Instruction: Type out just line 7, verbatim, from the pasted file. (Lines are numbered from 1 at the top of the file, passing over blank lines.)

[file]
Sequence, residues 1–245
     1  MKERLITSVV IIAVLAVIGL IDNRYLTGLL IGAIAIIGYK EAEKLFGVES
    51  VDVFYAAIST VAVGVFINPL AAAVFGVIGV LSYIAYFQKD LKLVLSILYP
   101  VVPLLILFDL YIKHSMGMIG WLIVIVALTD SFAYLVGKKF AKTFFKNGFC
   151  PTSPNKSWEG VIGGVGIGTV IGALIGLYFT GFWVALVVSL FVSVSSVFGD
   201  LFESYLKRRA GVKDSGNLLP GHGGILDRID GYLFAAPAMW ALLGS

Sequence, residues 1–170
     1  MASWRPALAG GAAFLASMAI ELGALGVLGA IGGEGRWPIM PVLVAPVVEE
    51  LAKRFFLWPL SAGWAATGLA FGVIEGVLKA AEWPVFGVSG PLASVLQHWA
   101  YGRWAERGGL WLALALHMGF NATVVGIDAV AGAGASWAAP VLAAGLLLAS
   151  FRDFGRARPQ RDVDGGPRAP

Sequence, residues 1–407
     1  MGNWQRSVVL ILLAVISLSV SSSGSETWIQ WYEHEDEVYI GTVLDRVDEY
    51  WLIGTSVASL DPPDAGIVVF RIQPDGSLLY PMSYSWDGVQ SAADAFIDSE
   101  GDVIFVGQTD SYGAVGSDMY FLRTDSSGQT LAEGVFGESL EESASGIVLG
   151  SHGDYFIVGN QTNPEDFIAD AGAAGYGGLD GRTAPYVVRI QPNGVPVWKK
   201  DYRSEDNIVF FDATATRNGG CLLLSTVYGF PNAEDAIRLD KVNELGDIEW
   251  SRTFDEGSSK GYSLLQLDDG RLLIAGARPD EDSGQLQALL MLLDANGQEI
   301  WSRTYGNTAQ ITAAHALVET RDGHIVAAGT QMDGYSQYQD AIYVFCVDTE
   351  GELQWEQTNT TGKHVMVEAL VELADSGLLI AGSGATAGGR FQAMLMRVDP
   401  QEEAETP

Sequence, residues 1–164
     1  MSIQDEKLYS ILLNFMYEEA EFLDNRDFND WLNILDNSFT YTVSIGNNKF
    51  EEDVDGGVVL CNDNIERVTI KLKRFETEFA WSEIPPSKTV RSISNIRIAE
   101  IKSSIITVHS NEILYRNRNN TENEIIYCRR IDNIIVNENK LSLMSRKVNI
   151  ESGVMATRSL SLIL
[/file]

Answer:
Sequence, residues 1–170